Finance

Beating The Odds

Insurance

Data published by Swiss Re at the close of 1H2014 showed that Lebanon ranked first in the MENA region in terms of insurance penetration in 2013 with a rate of […]

Data published by Swiss Re at the close of 1H2014 showed that Lebanon ranked first in the MENA region in terms of insurance penetration in 2013 with a rate of 3.2% of GDP. The percentage was also a significant increase over 2012’s 2.85%. The penetration rate broke down to 2.2% in non-life business and 1% in life. This announcement marked Lebanon’s reclamation of first place from Morocco, as it moved up two places on the global insurance indices. Overall, Lebanon’s insurance penetration was twice the regional average of only 1.6%, which is well below the 2.7% average of emerging markets. In terms of insurance density, the total for 2013 was $341, well up from $302 in the previous year. These numbers put Lebanon in fourth place regionally, and 50th globally in terms of insurance density.

Medgulf held onto its market lead with $115.8 million in non-life premiums for 2013, translating into a growth of 14.8% YoY. Speaking to TBY, Lutfi F. El Zein, Chairman of Medgulf, accredited the company’s market position to rising demand for medical and auto insurance in Lebanon. In second place, AXA M.E. registered an impressive year-on-year increase of 24.4% to $94.8 million. A broader view of the industry showed that the top 10 companies in Lebanon accounted for 66.4% of total non-life insurance premiums in 2013, whereas the joint share of the top 20 companies reached 85%. The remaining 30 plus companies held a market share of only 15%. Of the total insurance companies, only five are dedicated life insurers.

These statistics must be considered in conjunction with the overall makeup of the regional insurance market. Compared to other countries, the Lebanese insurance market is small, accounting for only 5.3% of the MENA region in 2012. For comparison, the UAE accounted for 29.5%, and Saudi Arabia accounted for another 19.9%. While market dominance by major firms is the norm in the global insurance business, a high prevalence of smaller players in Lebanon is more common. In the case of Lebanon, local banks own many of the large firms. The proliferation of small firms is the result of low minimum capital requirements mandated by the insurance law of 1999. And while $1.4 billion is substantial for a population of around 4 million, the presence of over 50 insurance firms suggest market saturation, which is prompting calls for consolidation and the raising of the minimum capital requirements from $1.5 million. According to the World Bank, the current law has no sound basis for proportionate approaches to regulation, solvency and capital regulation is outdated, and powers of intervention are insufficient.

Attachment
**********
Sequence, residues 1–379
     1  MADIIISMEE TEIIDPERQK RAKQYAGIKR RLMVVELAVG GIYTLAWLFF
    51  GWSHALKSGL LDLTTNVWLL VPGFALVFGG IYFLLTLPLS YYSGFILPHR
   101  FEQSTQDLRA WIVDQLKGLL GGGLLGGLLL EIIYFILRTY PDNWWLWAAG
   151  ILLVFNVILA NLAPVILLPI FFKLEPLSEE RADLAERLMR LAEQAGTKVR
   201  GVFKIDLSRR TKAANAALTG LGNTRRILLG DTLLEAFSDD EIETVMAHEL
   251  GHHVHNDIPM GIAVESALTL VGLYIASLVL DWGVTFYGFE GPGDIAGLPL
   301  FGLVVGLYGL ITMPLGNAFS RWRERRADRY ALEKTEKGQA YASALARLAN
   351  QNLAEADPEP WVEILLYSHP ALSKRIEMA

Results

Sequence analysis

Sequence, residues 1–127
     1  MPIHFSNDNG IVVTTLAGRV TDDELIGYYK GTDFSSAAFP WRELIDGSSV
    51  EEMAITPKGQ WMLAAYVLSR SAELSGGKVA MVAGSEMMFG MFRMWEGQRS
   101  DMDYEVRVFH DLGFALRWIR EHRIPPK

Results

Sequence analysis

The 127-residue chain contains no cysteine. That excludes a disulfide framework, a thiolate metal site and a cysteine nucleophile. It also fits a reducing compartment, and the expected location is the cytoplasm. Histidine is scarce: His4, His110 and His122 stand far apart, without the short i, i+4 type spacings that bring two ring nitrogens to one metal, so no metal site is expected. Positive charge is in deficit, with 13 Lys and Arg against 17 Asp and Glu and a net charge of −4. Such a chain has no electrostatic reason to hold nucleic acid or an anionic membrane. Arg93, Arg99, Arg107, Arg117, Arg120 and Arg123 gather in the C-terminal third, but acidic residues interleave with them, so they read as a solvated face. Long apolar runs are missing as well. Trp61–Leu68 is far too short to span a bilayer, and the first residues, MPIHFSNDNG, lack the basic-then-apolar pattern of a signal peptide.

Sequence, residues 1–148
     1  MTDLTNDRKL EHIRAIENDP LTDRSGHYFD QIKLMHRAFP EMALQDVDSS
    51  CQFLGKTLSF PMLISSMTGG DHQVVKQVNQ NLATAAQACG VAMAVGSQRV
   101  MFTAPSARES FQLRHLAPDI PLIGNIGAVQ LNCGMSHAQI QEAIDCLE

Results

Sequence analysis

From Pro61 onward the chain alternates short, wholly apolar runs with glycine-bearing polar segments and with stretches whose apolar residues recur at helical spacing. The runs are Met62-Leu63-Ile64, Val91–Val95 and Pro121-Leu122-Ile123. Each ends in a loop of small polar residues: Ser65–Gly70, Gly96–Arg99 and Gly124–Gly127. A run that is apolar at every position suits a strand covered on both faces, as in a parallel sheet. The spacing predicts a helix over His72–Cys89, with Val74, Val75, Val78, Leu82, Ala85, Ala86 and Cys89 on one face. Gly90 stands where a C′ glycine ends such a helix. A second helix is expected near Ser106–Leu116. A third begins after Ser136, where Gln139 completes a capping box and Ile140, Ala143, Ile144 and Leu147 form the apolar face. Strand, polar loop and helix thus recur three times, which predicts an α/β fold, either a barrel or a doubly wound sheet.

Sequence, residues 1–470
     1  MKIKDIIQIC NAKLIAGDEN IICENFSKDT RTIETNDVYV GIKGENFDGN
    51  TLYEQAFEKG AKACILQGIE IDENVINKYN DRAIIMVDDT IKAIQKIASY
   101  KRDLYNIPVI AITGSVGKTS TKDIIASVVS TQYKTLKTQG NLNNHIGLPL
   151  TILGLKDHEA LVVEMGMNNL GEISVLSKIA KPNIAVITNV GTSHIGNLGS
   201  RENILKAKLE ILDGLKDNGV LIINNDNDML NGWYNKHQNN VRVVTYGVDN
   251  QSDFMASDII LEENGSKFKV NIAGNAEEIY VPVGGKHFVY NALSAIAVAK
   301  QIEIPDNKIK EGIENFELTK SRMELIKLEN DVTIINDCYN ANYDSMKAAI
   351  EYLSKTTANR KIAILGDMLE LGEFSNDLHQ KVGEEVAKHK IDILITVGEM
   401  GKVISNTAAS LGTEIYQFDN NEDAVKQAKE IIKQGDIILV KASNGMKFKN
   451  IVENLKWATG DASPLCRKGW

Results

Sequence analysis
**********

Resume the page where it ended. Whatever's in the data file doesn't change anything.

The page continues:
The Lebanese insurance market and its customers benefit from rigorous competition. While some companies are working to attract customers through aggressive pricing strategies, others are honing their customer service skills and offerings, lowering interest rates, and offering loyalty programs. Several major Lebanese insurance companies are bank owned, allowing them to offer bancassurance, by using their branches as points of sale. Bancassurance products allow customers to integrate their insurance coverage into their overall financial management, while banks cut out intermediary insurance salesmen. Competition is also expected to breed mergers and acquisitions in the near future, as Hala Haidar of AIG told TBY, “It is obvious that the major companies are getting a larger slice of the pie every year, meaning we need to see more mergers and collaboration.”

Current implementation of reforms is also sluggish. Implementation of the 2012 Traffic Law that extends third-party liability to also cover material damage, which, while enacted into law, has yet to be fully put into practice. In theory, the law is a boon for insurers. At 4Q2013, turnover for motor insurance was $338.7 million, with compulsory insurance contributing only $56 million to the total, which is equivalent to 16.5%, according to the Association des Companies d’Assurances au Liban (ACAL). The 2012 law has the potential to significantly grow compulsory insurance, however these gains are not yet realized. After a clumsy roll out of the preceding 2003 law for motor insurance, where weak regulatory control and cash underwriting deficits led to bankruptcy, the relevant bodies are circumspect. The National Bureau for Compulsory Insurance (NBCI) is currently working with the World Bank to set the optimal policy pricing, coverage, and conditions, in order to avoid the debacle of the previous decade.

Low barriers to entry and overcrowding are also hurting the long-term prospects of the Lebanese insurance industry. An updated insurance law that moves the industry towards a more risk-based approach and provides a more structured regulatory power would bring the industry in line with international norms and practices. World Bank officials have proposed a series of steps toward these ends starting with the development of appropriate fiscal regimes consistent with a competitive environment for savings and development products, as well as those related to retirement savings. The same report recommended new regulations that empower the Insurance Control Commission (ICC) to develop and enforce proportionate rules and supervisory practices that differentiate between large and small insurers. This will allow insurers that operate on the current basic model to continue doing so if they desire, while recognizing those insurers wishing to peruse more complex risks and business opportunities. Of course, regulatory reform is not a substitute for a stable business climate, which hinges on factors beyond the control of Lebanon’s industry and politicians, but for now, insurers in Lebanon are cautiously optimistic.

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